“Straight to Camera Talking Head” versus “Documentary Style Interview”

 Putting promotional or explainer videos together involves thinking through  the most interesting format in which to present information.

Sometimes a promotional video needs to be all voice over like this 30 second cricket coaching advert we made, but usually I think it adds interest to  put people in the picture.  Having someone make their case, even if only for  a few seconds, adds a human dimension.  I wrote in the last blog post about the benefit of business owners and staff themselves presenting on camera, as they’re the ones needing to build rapport with the viewer. We all like to put a face to a name. But how best to do it?

The primary options are ‘talking head’ straight to camera, or an interview. Which is best at getting information across?  Of course it depends on the situation, people and purpose.

Straight to Camera

With this format, the subject will stand or sit at around 3-4 metres from the camera and look straight into the camera lens.  A teleprompter can be set up in front of the lens which the subject reads their script from.  If the subject has read through the script a few times beforehand, they’re less likely to sound like they’re reading and more like they’re talking directly to the viewer.  Here’s an example, where I filmed the actor against a green screen.

Pros of Straight to Camera

1.  Stick to script:  By rehearsing the words and having the script scroll by,  the dialogue will be absolutely on message and concisely put, straight to the point, no ums or ahhs  or waffle.
2. Predictable and more polished: Everyone knows what will be said.  If the talent has practiced, it should look and sound professional and reasonably natural.
3. Comfort blanket:  It can be easier and feel safer for the subject.  It’s also easier to edit later, compared to interviews.

4. It’s more direct, you’re talking directly to the person watching.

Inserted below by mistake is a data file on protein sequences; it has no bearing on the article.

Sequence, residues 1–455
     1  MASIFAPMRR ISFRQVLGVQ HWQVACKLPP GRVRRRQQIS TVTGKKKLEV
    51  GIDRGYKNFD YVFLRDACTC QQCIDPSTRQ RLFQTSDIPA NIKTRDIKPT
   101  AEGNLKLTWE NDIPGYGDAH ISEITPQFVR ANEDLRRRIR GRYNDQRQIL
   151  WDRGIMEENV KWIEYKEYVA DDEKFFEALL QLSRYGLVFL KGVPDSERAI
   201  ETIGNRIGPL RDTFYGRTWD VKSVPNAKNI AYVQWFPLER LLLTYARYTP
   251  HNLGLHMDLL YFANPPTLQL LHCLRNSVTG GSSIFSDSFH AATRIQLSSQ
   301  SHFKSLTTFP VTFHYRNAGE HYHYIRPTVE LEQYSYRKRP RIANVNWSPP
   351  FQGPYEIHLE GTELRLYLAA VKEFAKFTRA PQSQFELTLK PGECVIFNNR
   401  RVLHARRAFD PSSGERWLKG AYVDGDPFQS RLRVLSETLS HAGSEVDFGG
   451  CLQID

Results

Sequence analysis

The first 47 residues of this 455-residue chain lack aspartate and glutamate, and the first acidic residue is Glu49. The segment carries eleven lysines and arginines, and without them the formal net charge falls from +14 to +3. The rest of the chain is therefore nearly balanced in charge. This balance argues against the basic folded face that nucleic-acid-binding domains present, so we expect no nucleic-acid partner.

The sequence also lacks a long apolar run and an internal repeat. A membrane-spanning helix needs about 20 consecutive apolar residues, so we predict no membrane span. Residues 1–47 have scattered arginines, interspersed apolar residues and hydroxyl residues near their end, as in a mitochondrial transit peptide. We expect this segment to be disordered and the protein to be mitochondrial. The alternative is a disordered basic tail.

The Cons

1. Can look wooden:  Of course the down side of reading from a teleprompter, is it can look and sound like that’s exactly what you’re doing.  Just reading a script.  If your eyes are too fixed on the screen, if you sit up stiff and straight with little body language or vocal expression, it can look  wooden.  This isn’t what you want when you’re trying to build a relationship with the viewer.  For most of us in business, we need to be a little more expressive on camera than feels comfortable.  Talking to an expressionless camera isn’t so easy.
2. Predictability:  Presenting to camera is okay  as a way to deliver training, we’re used to it.  But to just state your product or company selling points and benefits can be bland.  Predictable can be dull.  I think It’s okay for say, 15 seconds, but beyond that, the clip needs other footage of what you’re talking about.
3. Viewers Perception: The context for the communication, and who’s delivering it, determines how it is received.  Let one of your loyal customers  espouse your selling points in an interview instead, it’s much more convincing.
4. Too Polished: Not everyone likes being talked at or “preached” to.  And you don’t always want to look too smooth.  After all, do you really  watch those advertorials on shopping channels, with Chuck Norris telling you why to buy that exercise machine? (I better be careful I’m not a hypocrite here 🙂

The Documentary Style Interview

The interview format includes these options:

  • showing only the subject, not the interviewer.  The subject looks slightly to the left or right of the camera lens where the interviewer is.